Have you decided on your New Year’s resolution? If you’re a student who wants to kick procrastination to the curb and quit pulling all-nighters writing last-second essays, now’s the perfect time to commit to changing bad habits. It’s a new year, meaning a whole new set of classes, homework, projects, and papers for you to do. This semester, do yourself a favor and conquer procrastination, organize your workload, meet your deadlines, and rock out the rest of the school year!

 

First, make a plan.

Prioritize your responsibilities.

Every week, look over everything you know you’re going to be responsible for, and then rank them by importance. The top three items are your main priorities and should be tackled first. These are the tasks that will have the most severe consequences if they’re not handled correctly, so make sure you keep them on your mind until they’re complete.

 

Make your plan at the beginning of every month and week.

Begin every month by writing down your monthly goals, and review them every week. Start your week by prioritizing, and making sure you’re conquering the most important tasks and assignments first. If you sit down and review your short-term goals and responsibilities every month, you can create a schedule that best fits your lifestyle.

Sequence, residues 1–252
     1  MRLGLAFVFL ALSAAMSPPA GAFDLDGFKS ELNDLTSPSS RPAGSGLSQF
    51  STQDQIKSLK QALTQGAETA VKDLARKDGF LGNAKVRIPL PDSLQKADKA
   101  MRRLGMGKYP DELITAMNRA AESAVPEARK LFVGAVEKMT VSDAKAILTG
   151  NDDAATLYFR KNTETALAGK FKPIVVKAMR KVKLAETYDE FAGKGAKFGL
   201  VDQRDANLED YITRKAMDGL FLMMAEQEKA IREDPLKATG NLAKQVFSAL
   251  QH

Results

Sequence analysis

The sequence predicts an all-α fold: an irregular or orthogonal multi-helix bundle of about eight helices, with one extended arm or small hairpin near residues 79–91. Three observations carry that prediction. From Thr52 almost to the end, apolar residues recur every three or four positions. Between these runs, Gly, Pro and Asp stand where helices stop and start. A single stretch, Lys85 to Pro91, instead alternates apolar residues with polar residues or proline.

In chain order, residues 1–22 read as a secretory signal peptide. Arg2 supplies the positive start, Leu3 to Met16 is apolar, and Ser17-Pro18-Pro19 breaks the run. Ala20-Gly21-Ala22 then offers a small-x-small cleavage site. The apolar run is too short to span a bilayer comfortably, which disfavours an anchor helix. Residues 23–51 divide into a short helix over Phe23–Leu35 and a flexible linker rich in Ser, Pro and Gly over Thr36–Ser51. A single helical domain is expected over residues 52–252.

Plan backward.

As soon as you get an assignment, immediately plan out how you’re going to tackle it. If it’s due in a month, don’t start in 25 days. Plan backward from the due date. For example, it’s March 1, and a paper is assigned to be due on March 30. Plan to have it printed and ready to hand in on March 29 (so you’re not fighting for a spot in line for the printer 20 minutes before class starts only to find out it’s out of ink). This means your final draft should be ready on March 28, and you might want to have a friend read it over by March 26. A rough draft should be done by March 20, at least, so you’ll want to have an outline done by March 10. Finally, you might want to start your research right away so you’ll have enough to fit in to a full, organized outline in 10 days.